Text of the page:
State and Redux

An interactive project contains many moving pieces that constantly change and oftentimes the UI is expected to reflect these changes. We call the collection of system, environment and project data the “Global State”. This state serves as the one source of truth in order to maintain coherency while developing and running the project.

The Global State is saved in a Redux state. This state includes all data of the player and its plugins and is easily accessible from both the player API as well as within react components in the UI system. Let’s explore how to use the global state while developing UI components.

See the Debugging tutorial to learn how to use Redux devtools.

The store

The store is a global object that is responsible of exposing and changing the state.
A UI component can access whatever it needs from the store by using Redux’s connect() function (for class-based components) or the useSelector() hook (for functional components). These ensure that the component re-renders once the relevant part of the store is changed. They are both accessible through the UI Plugin.
If you need to access the store from outside a UI component, you can do so via the player’s reduxStore property and the getState() method.

In the past, one could access the store using props.globalState, however that use is now considered deprecated and will be removed in future versions of the eko API

At a given point in time the store object could look something like this

// Example: partial defintion.
  player: {
    volume: 1,
    muted: false,
    isPlaying: true,
    isPaused: false,
    isSeeking: false,
  decision: {
    myParentNodeId: {
      parent: 'myParentNodeId',
      children: ['myFirstChild', 'mySecondChild'],
      defaults: ['myFirstChild'],
      state: 'inactive',
      time: 0,
      duration: 7.485011000000002,
      progress: 0,
      remainingTime: 7.485011000000002,
      selected: {}
  ui: {
    controllers: {
      myParentNodeId: {
        controllerType: 'DECISION',
        visible: false,
        decisionActive: false,
        inLingerTimeout: false
  sparks: {
    visible: false
  subtitles: {
    visible: false,
    text: 'To be, or not to be, that is the question',
    availableLanguages: {
      en: {
        nativeName: 'English',
        englishName: 'English'
    language: '',
    effectiveLanguage: 'en',
    style: {}
  variables: {
    myVarName: 'myVarValue',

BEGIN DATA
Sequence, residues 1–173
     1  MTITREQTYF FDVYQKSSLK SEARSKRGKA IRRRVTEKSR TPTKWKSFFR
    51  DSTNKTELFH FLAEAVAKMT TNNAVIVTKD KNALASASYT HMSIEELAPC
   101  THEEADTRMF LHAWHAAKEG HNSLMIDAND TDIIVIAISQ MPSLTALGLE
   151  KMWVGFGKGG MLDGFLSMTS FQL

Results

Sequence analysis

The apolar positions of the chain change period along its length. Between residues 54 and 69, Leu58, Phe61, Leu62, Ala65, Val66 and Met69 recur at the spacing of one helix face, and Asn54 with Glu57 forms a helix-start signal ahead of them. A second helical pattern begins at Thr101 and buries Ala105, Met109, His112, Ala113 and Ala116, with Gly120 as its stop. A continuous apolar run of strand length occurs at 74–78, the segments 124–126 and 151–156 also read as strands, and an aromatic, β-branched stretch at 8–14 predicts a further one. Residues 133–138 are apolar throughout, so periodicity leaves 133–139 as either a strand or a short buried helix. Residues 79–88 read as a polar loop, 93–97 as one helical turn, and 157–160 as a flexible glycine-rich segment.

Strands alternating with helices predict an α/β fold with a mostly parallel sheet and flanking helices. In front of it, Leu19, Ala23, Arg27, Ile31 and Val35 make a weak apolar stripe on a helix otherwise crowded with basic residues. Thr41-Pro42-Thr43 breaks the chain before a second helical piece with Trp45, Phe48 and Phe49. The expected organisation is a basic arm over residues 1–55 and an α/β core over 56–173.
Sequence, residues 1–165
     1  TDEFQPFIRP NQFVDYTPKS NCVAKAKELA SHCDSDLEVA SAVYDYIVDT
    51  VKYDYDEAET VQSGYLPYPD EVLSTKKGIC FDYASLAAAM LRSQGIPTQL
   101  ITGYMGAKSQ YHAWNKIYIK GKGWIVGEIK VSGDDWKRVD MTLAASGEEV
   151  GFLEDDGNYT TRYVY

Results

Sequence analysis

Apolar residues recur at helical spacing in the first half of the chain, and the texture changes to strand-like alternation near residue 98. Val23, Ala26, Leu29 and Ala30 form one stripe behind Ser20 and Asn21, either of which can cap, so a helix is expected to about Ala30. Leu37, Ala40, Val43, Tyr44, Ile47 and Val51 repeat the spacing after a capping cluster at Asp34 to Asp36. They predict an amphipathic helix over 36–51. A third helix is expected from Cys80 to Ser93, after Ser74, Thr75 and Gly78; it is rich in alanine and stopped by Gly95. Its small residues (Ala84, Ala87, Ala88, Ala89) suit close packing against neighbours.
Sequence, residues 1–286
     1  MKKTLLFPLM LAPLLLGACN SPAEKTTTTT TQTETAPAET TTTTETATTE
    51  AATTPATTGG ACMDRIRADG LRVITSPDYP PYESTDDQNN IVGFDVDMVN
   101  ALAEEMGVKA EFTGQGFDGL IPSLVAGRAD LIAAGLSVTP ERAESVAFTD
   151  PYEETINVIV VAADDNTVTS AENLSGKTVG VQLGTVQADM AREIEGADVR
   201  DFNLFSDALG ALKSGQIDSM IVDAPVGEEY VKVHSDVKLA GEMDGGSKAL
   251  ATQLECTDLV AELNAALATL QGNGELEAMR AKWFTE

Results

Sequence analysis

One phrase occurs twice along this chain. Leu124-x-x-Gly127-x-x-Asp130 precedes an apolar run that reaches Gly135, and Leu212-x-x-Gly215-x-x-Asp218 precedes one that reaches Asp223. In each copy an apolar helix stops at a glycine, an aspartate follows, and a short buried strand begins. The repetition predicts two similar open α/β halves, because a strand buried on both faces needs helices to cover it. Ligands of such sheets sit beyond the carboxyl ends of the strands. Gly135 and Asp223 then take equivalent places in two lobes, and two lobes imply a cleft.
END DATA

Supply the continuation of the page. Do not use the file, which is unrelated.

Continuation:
More details about the different sub-objects of the redux globalState can be found here:

Let’s take a look at a real code example.

Code example

Suppose we want to create a UI component for your project which displays the player’s current node time as it changes. We’ll be using currentNodeTime property from player state object in the component’s render() method.

The benefit of doing it this way is that your UI component will re-render automatically only when the current node time value changes so you don’t need to take care of that yourself!
Here is how the code for this component would look like in two flavors, class based and functional:

MyNodeTime.jsx (class-based version)

import React from 'react';
import EkoUIComponents from "EkoUIComponents";

import 'MyNodeTime.scss';

class MyNodeTime extends React.Component {
    render() {             
        let currentNodeTime = this.props.currentNodeTime;
        let currentNodeTimeFormatted = currentNodeTime.toFixed(2);

        return <div className='myNodeTime'>{currentNodeTimeFormatted}</div>;
let mapStateToProps = (globalState, ownProps) => ({
    currentNodeTime: globalState.player.currentNodeTime

export default EkoUIComponents.connect(mapStateToProps)(MyNodeTime);

MyNodeTime.jsx (functional version)

import React from 'react';
import 'MyNodeTime.scss';

const myNodeTime = props => {
    let currentNodeTime = player.ui.useSelector(globalState => globalState.player.currentNodeTime);    
    let currentNodeTimeFormatted = currentNodeTime.toFixed(2);
    return <div className='myNodeTime'>{currentNodeTimeFormatted}</div>;

export default myNodeTime;


    position: absolute;
    top: 20px;
    font-size: 30px;
    background-color: orange;

The result will be something like this:

Alt Text

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